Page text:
• Citation List Patent Literature
  • [0005]
    Patent Document 1: Japanese Patent Application Laid-open No. 2005-303827
  • Summary Technical Problem
  • [0006]
    However, the conventional technique described above has a problem in which it is difficult to solve the above-mentioned hidden node problem when the bottleneck radio station is a destination radio station or a radio station that is inevitable on a route (radio station near the top of a tree-formed network, for example). That is, when it is impossible to construct a route avoiding a bottleneck radio station, reception failure due to the hidden node problem occurs frequently at the bottleneck radio station, and the number of times of retransmission increases due to the reception failure, which increases traffic. Thus, the communication capacity in the entire network decreases.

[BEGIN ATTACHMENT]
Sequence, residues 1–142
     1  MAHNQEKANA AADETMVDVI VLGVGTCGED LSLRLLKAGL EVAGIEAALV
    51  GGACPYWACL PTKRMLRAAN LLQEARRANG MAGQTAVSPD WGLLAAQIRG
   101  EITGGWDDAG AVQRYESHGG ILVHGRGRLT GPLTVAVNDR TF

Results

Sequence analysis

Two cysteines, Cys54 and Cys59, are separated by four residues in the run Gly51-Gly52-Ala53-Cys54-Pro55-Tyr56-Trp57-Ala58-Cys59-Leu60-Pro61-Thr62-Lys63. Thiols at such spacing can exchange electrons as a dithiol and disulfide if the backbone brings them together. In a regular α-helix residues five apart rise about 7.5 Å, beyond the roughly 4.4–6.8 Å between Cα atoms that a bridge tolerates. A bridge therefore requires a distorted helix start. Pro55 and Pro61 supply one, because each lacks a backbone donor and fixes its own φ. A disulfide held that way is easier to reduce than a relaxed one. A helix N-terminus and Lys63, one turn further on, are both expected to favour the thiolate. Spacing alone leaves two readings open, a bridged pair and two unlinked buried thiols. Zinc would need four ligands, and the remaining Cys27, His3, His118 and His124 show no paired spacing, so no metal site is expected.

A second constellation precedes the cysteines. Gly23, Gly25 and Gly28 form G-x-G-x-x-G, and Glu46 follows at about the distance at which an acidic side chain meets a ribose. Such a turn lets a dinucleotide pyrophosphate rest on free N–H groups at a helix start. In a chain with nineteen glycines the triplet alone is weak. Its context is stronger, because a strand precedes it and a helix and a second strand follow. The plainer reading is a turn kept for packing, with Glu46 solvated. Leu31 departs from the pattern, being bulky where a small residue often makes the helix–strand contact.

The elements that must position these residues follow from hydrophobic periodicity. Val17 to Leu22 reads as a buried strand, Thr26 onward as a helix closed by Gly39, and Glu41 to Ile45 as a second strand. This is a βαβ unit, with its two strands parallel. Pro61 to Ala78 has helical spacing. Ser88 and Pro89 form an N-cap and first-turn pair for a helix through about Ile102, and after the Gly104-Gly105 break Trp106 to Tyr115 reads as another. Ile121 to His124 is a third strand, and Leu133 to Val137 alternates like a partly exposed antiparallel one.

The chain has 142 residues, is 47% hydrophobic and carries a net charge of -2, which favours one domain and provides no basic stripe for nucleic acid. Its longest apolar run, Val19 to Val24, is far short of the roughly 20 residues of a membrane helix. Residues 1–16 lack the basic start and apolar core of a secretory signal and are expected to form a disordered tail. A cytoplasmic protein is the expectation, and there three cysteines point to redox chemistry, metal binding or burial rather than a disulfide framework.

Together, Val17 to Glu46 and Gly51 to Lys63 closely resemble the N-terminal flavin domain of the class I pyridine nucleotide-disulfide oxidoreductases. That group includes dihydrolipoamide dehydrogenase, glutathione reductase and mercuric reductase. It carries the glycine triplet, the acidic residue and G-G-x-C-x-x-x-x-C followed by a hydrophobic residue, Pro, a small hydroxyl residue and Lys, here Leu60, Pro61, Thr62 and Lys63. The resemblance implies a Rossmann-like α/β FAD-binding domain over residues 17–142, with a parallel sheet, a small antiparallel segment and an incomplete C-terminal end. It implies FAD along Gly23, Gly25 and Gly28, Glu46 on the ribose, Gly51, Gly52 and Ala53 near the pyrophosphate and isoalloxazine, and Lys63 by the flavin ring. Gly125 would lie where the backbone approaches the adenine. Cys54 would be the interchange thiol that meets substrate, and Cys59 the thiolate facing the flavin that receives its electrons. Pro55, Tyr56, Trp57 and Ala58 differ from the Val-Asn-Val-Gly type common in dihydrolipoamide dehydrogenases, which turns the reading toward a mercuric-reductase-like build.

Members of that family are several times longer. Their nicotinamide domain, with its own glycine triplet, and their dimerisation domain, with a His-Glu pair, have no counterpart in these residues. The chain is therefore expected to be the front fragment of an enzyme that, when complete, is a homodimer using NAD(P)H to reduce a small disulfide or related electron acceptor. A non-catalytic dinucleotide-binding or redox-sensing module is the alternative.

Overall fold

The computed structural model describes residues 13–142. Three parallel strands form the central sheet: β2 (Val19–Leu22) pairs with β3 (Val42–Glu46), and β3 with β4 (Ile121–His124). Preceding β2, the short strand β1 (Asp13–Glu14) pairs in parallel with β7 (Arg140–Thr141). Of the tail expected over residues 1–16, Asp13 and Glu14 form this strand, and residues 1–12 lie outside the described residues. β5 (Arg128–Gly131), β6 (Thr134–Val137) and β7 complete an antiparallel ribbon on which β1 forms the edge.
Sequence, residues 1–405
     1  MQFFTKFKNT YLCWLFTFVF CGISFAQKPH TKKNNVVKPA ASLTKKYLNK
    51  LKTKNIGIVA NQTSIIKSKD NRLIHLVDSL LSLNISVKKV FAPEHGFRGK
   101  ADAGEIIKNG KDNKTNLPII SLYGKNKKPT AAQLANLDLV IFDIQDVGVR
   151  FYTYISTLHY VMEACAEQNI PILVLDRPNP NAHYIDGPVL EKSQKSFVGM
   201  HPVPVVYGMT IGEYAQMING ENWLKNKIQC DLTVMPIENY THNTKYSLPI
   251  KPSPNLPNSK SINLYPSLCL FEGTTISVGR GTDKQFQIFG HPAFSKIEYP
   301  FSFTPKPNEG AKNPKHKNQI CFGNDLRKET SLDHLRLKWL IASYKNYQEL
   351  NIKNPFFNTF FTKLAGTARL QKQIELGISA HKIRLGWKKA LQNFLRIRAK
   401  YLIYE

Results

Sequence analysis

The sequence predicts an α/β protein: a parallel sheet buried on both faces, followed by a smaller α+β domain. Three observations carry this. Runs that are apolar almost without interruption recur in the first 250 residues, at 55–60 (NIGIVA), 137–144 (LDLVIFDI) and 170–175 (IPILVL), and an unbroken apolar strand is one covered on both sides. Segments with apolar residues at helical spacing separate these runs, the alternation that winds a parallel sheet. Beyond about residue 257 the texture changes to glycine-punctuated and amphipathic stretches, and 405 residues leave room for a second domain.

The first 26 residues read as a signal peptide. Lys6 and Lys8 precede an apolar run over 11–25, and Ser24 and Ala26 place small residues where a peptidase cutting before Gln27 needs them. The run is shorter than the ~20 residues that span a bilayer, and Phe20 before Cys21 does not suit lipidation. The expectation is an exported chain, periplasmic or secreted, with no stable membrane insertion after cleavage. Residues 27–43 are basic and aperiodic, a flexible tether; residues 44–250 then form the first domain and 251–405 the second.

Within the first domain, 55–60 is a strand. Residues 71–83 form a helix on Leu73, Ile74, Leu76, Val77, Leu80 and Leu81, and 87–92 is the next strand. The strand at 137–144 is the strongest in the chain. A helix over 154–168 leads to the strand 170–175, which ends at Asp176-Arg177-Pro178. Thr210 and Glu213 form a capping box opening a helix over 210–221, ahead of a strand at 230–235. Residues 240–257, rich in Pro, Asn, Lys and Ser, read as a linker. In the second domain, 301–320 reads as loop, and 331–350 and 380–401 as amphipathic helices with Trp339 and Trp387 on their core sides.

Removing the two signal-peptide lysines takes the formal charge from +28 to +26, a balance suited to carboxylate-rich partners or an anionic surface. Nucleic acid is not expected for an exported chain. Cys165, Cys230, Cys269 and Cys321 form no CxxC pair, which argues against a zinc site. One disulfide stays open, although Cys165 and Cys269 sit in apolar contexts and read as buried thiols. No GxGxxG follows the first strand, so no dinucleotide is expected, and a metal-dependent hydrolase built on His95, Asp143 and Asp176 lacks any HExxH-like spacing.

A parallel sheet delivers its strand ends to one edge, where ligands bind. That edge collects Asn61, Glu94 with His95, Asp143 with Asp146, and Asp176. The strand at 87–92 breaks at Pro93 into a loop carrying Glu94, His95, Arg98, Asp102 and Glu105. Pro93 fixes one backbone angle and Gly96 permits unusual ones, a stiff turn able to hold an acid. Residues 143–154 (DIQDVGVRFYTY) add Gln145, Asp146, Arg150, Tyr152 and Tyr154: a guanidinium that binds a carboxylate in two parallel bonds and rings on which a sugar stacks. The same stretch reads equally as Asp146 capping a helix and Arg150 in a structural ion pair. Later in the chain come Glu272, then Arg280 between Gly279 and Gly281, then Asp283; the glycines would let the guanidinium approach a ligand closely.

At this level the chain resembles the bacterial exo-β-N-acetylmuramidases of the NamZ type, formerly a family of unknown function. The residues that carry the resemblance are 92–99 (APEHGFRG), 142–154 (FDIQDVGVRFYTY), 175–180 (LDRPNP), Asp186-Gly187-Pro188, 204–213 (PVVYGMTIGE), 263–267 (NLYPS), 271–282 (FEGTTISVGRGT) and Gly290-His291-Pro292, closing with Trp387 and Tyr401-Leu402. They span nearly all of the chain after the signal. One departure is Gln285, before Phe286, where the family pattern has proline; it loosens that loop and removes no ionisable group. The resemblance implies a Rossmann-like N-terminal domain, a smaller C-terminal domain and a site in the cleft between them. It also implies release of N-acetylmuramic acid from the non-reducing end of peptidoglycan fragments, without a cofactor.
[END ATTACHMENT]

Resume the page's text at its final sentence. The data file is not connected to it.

• [0007]
    The technique to be disclosed is made in view of the aspects above, and aims at providing a routing method that can decrease reception failure at a bottleneck radio station due to the hidden node problem when it is impossible to construct a route avoiding the bottleneck radio station.
  • Solution to Problem
  • [0008]
    A radio station that is disclosed in the present application selects a route whose routing cost to a destination that is a total amount of link costs is lowest as an optimum route in an ad hoc network. The radio station includes a weighting factor determining unit that outputs a value larger than one as a weighting factor when a traffic amount of an adjacent radio station positioned in a communicable range of the radio station exceeds a certain threshold, and a cost calculating unit that calculates a radio quality cost based on radio quality for each link between the radio station and each adjacent radio station, regards a multiplication result of the obtained radio quality cost and the weighting factor as a link cost when there is an input of the weighting factor from the weighting factor determining unit, and regards the obtained radio quality cost as a link cost when there is no input of a weighting factor from the weighting factor determining unit.